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In bloom: Hibiscus beer

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Taste the flower power of these seasonal brews made with petals in the kettle.

Every two weeks, the team at Boston’s Night Shift Brewing gears up to make JoJo, its spin on an American IPA. Before they start, co-founder Rob Burns needs to ensure the beer’s headlining ingredient, hibiscus, is in stock. He sets off a chain reaction that connects the beer all the way to Burkina Faso, a small nation in western Africa.

The delicate flowering plant seems an unlikely ingredient for an IPA, though brewers have already harnessed the tropical pink petals to add floral and fruity notes into their farmhouse ales: Bison blended hibiscus with other botanicals for its Saison de Wench, while Oregon’s Double Mountain teamed it with peppercorns for LuLu saison.

While the flower’s relatively new to brewers, people around the world have long sipped hibiscus drinks. Northern Africans drink karkadé, a tea served hot or chilled; Jamaicans use the blooms in a punch called agua de Jamaica, often flavored with cinnamon, ginger and allspice, and served over ice.

But back in Boston, it’s dropped in beer. Burns and company dreamed up JoJo in a process they call “shifting,” which is taking a traditional brew and just tweaking it. “We wanted to create a style that’s fun to market, and enjoyable to drink,” he says. That’s how the pink IPA (it’s actually pink) was born.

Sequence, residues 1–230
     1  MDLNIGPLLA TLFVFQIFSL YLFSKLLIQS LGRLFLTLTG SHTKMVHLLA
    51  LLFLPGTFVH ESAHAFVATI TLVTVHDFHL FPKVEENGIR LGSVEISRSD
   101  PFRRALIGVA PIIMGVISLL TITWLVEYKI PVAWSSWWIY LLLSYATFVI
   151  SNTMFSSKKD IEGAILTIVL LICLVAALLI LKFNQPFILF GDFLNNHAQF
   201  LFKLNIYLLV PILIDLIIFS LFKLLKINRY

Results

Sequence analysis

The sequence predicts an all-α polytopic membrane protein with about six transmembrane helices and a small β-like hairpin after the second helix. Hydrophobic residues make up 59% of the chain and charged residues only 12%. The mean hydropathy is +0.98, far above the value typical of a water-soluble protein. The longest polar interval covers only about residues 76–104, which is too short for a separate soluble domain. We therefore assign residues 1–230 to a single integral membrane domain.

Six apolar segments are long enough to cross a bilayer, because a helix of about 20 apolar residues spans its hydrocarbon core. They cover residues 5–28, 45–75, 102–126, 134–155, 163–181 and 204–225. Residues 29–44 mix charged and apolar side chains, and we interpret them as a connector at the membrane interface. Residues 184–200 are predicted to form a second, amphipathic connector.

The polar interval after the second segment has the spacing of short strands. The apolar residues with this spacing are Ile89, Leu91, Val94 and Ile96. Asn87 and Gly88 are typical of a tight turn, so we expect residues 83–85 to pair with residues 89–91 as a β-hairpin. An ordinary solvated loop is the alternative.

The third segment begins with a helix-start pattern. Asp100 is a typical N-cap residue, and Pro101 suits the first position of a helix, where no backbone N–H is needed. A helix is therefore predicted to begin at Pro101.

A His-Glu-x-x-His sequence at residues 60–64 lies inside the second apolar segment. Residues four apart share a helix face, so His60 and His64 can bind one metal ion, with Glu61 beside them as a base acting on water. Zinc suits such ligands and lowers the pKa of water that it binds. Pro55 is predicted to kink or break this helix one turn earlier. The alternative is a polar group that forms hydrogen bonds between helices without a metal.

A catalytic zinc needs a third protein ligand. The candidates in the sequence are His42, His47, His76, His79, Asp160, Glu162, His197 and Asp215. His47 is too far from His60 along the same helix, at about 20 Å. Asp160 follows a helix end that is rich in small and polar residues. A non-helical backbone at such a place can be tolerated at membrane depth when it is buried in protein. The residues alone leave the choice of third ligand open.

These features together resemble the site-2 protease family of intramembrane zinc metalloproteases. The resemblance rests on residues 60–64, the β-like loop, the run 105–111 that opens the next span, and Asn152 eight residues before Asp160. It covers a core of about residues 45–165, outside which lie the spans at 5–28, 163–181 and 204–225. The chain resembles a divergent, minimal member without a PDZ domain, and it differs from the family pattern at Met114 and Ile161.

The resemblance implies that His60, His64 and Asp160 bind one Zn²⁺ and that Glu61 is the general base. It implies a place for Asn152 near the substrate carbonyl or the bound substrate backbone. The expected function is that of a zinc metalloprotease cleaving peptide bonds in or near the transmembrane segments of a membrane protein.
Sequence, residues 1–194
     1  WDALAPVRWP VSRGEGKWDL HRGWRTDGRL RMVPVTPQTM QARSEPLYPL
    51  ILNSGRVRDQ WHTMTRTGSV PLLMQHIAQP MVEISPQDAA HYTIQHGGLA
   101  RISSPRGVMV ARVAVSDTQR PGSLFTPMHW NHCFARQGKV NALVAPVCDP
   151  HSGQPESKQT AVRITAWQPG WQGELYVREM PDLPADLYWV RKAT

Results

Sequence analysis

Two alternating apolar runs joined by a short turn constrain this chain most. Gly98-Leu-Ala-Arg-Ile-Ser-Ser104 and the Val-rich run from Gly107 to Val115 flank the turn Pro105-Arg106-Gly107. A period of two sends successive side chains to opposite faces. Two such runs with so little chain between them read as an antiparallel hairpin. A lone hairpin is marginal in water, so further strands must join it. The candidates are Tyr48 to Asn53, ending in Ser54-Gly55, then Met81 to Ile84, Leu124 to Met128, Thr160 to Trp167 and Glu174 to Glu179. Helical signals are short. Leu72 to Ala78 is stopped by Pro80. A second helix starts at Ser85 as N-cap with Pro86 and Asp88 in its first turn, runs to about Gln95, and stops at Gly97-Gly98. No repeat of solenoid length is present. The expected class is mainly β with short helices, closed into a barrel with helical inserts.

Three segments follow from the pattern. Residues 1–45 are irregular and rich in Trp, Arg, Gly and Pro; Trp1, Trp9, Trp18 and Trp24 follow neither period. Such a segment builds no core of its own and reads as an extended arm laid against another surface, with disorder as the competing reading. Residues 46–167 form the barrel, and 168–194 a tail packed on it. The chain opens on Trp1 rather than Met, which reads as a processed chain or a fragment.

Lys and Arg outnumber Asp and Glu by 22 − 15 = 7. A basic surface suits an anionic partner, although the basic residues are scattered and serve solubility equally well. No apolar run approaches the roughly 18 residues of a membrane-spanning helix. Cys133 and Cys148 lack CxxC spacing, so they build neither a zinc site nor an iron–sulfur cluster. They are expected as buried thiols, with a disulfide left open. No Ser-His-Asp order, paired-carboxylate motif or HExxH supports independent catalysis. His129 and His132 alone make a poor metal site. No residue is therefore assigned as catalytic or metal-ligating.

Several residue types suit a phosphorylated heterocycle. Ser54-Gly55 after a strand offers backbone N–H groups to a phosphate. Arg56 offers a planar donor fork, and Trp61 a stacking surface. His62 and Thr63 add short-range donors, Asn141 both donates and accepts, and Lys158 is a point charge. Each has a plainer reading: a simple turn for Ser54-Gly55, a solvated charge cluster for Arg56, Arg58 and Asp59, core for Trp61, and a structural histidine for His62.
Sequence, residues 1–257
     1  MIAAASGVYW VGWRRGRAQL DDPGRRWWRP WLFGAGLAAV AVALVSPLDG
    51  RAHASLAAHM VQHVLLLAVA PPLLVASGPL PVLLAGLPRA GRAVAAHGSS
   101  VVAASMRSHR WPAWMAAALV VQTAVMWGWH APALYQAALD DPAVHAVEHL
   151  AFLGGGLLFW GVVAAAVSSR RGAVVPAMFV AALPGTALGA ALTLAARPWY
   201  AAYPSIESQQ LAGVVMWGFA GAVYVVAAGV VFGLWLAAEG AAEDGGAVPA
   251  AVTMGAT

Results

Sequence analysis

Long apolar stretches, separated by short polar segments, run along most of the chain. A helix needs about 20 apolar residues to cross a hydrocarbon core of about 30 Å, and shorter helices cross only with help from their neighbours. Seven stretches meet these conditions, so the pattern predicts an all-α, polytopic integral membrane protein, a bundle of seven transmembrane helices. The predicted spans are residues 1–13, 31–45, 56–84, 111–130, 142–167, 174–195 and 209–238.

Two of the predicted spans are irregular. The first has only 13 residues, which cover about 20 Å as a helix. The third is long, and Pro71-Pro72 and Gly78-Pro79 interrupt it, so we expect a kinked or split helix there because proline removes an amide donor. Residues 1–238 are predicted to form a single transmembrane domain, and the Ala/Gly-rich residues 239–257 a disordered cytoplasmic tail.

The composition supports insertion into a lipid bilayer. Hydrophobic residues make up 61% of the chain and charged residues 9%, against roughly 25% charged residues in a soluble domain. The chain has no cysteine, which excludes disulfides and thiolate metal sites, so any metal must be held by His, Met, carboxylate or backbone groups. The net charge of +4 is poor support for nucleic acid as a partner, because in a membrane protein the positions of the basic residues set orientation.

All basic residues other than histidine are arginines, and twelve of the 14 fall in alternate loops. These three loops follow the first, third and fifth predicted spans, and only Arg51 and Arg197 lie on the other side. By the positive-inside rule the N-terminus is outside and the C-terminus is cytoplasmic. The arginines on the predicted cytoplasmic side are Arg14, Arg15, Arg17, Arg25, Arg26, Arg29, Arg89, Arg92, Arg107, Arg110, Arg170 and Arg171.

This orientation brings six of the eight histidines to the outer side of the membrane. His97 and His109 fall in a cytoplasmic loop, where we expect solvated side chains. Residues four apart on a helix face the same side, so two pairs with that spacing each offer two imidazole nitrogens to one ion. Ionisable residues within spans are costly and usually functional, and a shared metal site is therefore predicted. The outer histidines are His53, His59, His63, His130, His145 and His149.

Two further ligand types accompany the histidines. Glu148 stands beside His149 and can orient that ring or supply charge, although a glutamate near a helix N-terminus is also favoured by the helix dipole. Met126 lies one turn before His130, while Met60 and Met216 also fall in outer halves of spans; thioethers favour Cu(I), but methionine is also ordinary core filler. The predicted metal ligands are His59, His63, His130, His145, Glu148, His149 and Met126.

To get the flowers in Boston, Burns puts in an order to Frontier Co-Op, a natural products cooperative based out of Iowa. Frontier sources its hibiscus from a supplier in Germany, which, in turn, sources the flowers from Burkina Faso. Working forward, it goes something like this: Workers pick the plants in Burkina Faso, and send them to Germany where they’re cleaned and dried. They’re then shipped to Iowa, where Frontier performs organoleptic testing, steam-pasteurizes and packages them. Eventually, they arrive at Night Shift, 80 pounds at a time.

JoJo starts out like any other IPA before the brewing takes a few turns. Burns adds a portion of the dried hibiscus petals at the end of the boil, when the wort’s transferred into the whirlpool (a process that filters out solid particles). Then, he stuffs the remaining petals in tea sacks and steeps it in the beer for about 24 hours, which adds the majority of flavor and aromatics, and lends the drink its pinkish hue. In the end, the beer contains about 1 pound of flowers per barrel.

“With hibiscus, just the right amount adds a tropical fruitiness, but too much, and the beer tastes like herbal tea,” Burns says. “We try to strike a balance between the two.”

FOUR TO TRY

1. Blue Moon Short Straw: Floral hibiscus and white pepper weave through this tart “farmhouse red ale,” which falls between a Flanders red ale and a saison.

2. Bison Saison de Wench: Brewed with rose petals, hibiscus and lemongrass, this vibrant saison’s packed with floral flavors and laced with a spritzy citrus zing.

3. Prairie Spectrum: Barnyard funk and slight smoky notes hang in balance with tropical, floral hibiscus flavors in this farmhouse-style ale.

4. Night Shift JoJo: This IPA connects the tropical and herbal notes of hibiscus with the beer’s citrus and pine hop tones.

 

 


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